Nick Meglin (mid-1950s) — writer, humorist, and artist known for his contributions to Mad[11]
Tom Moore (c. 1950) – Archie cartoonist, writer, letterer
Joe Sinnott (c. 1950) – longtime Marvel Comics inker
Eric Stanton (early 1950s) — underground cartoonist and fetish art pioneer[12]
Tony Tallarico (early 1950s) — comic book artist, children’s book illustrator, and author[13]
1960s
Sal Amendola (1969) — DC Comics, Archie Comics. Penciler, inker, writer, production, editor, talent coordinator; primarily known for writing, drawing Batman.
Herb Trimpe (c. 1960) — comics artist best known as the seminal 1970s artist on The Incredible Hulk and as the first artist to draw for publication the character Wolverine[14]
John Verpoorten (early 1960s) — comic book artist and editorial worker best known as Marvel Comics’ production manager[15]
1970s
Peter Bagge (1977) – alternative cartoonist
Ray Billingsley (1979)[16] — cartoonist, creator of the syndicated comic strip Curtis
Joey Cavalieri (1979) — comics writer and editor[17]
Bo Hampton (mid-1970s) — comic book and cartoon artist
John Holmstrom (mid-1970s) – founder of PUNK magazine; co-founder of Comical Funnies with Peter Bagge; creator of Bosko, “America’s Least Favorite Cartoon Character”[18]
Kaz (late 1970s) – underground cartoonist known for his strip Underworld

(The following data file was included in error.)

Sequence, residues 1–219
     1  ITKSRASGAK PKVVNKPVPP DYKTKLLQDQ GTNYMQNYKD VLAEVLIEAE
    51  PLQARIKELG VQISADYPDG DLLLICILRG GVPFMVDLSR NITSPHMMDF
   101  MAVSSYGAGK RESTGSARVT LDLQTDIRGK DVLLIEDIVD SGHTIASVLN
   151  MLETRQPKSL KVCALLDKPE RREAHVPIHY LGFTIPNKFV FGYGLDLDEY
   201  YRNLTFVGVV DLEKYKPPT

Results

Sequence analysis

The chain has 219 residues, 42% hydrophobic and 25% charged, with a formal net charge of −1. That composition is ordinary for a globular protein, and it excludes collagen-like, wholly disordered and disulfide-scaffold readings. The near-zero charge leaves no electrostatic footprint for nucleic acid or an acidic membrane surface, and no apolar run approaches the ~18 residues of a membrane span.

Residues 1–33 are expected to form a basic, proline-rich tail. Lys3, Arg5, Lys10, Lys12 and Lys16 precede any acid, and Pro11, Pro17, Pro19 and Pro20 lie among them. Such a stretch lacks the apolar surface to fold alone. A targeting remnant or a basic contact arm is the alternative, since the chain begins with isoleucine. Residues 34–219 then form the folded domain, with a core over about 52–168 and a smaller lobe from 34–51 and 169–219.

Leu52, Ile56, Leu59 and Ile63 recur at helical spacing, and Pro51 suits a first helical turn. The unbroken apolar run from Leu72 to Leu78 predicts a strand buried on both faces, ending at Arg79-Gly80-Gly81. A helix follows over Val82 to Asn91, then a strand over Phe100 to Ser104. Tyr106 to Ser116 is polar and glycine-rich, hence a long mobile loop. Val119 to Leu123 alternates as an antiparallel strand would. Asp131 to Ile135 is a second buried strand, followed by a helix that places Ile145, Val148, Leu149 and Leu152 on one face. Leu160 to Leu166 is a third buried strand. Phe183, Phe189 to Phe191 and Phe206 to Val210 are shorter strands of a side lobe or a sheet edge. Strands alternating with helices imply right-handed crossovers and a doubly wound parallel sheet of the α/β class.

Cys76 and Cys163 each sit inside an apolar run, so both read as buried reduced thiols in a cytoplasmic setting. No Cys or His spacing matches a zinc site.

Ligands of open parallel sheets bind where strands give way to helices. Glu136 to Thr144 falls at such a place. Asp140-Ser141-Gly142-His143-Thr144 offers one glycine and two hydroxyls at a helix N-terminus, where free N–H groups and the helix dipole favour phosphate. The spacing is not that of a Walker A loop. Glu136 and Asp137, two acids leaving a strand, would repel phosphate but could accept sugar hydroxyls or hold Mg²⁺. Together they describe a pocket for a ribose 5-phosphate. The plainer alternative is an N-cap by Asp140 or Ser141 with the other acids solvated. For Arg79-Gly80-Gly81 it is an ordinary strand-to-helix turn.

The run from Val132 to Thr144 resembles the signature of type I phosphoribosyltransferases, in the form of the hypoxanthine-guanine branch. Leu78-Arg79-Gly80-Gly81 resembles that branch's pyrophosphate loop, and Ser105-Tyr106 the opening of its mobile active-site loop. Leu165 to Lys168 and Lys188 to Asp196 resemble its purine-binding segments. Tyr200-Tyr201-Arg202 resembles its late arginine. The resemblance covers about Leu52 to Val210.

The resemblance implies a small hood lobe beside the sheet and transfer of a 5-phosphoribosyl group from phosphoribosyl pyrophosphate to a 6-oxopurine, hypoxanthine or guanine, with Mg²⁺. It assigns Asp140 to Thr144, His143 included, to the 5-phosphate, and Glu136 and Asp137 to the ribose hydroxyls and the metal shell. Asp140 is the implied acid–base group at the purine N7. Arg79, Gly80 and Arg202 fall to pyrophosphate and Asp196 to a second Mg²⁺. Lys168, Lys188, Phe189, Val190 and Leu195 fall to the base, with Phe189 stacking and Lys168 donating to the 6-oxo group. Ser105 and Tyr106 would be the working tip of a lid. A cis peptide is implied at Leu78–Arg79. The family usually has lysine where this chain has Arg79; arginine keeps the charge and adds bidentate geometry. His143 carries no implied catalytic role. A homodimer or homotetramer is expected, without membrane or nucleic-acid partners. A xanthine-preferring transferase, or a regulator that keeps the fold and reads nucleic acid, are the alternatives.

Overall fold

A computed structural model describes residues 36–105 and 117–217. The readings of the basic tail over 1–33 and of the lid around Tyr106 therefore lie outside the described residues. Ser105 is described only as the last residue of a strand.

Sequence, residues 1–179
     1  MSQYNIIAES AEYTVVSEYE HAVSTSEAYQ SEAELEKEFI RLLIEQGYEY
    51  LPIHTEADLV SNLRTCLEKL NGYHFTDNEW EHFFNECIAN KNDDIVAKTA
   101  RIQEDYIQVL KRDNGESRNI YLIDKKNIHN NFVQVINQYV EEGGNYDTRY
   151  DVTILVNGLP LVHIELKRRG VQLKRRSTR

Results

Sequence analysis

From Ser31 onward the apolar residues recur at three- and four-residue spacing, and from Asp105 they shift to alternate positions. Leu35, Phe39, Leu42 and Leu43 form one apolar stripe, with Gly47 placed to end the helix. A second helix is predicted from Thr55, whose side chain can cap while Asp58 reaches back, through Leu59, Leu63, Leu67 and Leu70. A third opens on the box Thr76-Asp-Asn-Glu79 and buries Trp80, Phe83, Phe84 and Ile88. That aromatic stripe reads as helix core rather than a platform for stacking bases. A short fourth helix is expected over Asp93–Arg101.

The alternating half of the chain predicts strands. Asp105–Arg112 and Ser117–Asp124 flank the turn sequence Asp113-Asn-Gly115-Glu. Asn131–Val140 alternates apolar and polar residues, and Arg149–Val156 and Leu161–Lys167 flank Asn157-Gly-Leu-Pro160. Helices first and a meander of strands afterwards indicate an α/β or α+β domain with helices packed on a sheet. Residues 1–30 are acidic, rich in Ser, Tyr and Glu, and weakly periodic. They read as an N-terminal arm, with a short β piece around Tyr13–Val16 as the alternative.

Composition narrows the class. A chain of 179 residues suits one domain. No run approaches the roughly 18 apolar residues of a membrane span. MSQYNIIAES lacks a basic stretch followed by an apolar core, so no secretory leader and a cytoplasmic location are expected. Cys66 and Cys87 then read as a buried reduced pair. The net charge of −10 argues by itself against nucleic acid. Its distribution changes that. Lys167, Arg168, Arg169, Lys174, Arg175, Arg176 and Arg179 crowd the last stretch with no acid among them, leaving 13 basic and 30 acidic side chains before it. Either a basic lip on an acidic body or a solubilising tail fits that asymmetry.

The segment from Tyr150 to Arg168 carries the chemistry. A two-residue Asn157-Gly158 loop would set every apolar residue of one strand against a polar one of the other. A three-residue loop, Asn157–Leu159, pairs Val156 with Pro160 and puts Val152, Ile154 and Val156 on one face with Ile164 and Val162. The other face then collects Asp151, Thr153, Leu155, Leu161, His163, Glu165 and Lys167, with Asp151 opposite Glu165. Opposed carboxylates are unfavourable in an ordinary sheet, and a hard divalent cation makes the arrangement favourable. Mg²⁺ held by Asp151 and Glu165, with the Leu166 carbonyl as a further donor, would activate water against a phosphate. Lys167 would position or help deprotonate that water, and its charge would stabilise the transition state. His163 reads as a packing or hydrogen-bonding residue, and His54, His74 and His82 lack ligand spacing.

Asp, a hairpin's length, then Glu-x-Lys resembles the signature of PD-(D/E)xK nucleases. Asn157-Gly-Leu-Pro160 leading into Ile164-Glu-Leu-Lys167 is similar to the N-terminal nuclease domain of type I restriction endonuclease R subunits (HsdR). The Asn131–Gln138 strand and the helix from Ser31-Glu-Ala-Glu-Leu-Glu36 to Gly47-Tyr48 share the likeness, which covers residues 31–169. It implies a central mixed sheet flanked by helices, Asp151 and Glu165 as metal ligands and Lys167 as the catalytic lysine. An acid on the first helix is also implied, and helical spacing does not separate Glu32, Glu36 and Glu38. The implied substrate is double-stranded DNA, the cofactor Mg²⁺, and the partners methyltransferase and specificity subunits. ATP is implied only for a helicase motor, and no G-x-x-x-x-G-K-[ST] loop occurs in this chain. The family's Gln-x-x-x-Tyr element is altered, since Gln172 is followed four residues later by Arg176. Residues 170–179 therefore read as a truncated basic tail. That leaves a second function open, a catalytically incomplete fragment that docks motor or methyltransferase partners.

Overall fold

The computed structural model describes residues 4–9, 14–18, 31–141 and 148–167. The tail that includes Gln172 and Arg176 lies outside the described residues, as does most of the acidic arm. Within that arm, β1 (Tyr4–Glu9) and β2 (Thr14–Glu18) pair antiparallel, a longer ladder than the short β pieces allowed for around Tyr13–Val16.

Ken Landgraf (1970s) — comic book artist, inker, and self-publisher
Patrick McDonnell (1978) — cartoonist, author, and playwright, known as the creator of the daily comic strip Mutts[19]
Tim Sale (attended late 1970s) — Eisner Award-winning comics artist primarily known for his collaborations with writer Jeph Loeb
Alex Saviuk (1974) — comics artist primarily known for his work on Spider-Man[20]
Mark Texeira (late 1970s) — comic book artist and painter
Bob Wiacek (1974) — comic book inker[21]
1980s
Kyle Baker (c. 1985) – graphic novelist and animator
Mark Bodé (attended 1982) — cartoonist, son of underground comix creator Vaughn Bodē
Jon Bogdanove (mid-1980s) — comic book writer/artist known for his work on Power Pack and Superman: The Man of Steel[22]
Jerry Craft (1984) — cartoonist and children’s book illustrator best known for his syndicated newspaper comic strip Mama’s Boyz[23] and his graphic novel New Kid
Matt Davies (late 1980s) – Pulitzer Prize-winning political cartoonist
Bob Fingerman (c. 1986) – alternative/underground cartoonist and creator of Minimum Wage and White Like She
Drew Friedman (1981) – alternative cartoonist/illustrator known for his celebrity caricatures
Rob Gilbert (late 1980s) – children’s illustrator, animator, cartoonist, known for The Adventures of Ranger Rick
Mike Harris (c. 1983) — comic book artist active in the 1980s and 1990s
Jamal Igle (late 1980s) – DC Comics artist of Firestorm, Nightwing, Supergirl and Zatanna[24]
Marisa Acocella Marchetto (c. 1983) — graphic memoirist known for Cancer Vixen
Mark Newgarden (early 1980s) – underground cartoonist and creator of the Garbage Pail Kids[25]
Joe Quesada (1984) – comic book illustrator, editor-in-chief and later Chief Creative Officer of Marvel Comics; majored in illustration[26]
Dwayne Turner (c. 1989) – comic book and storyboard artist, video game concept illustrator
1990s
Chris Batista (early 1990s) – comic book artist on Legion of Superheroes and 52
Tony Consiglio (c. 1993) — alternative cartoonist
Farel Dalrymple (late 1990s) — alternative cartoonist
Nelson DeCastro (early 1990s) — comic book artist and illustrator
Dennis Detwiller (early 1990s) – comic book artist, collectible card game illustrator (Magic: The Gathering) and video game designer (Scarface: The World is Yours)
Jordan B. Gorfinkel (early 1990s) — DC Comics editor, Batman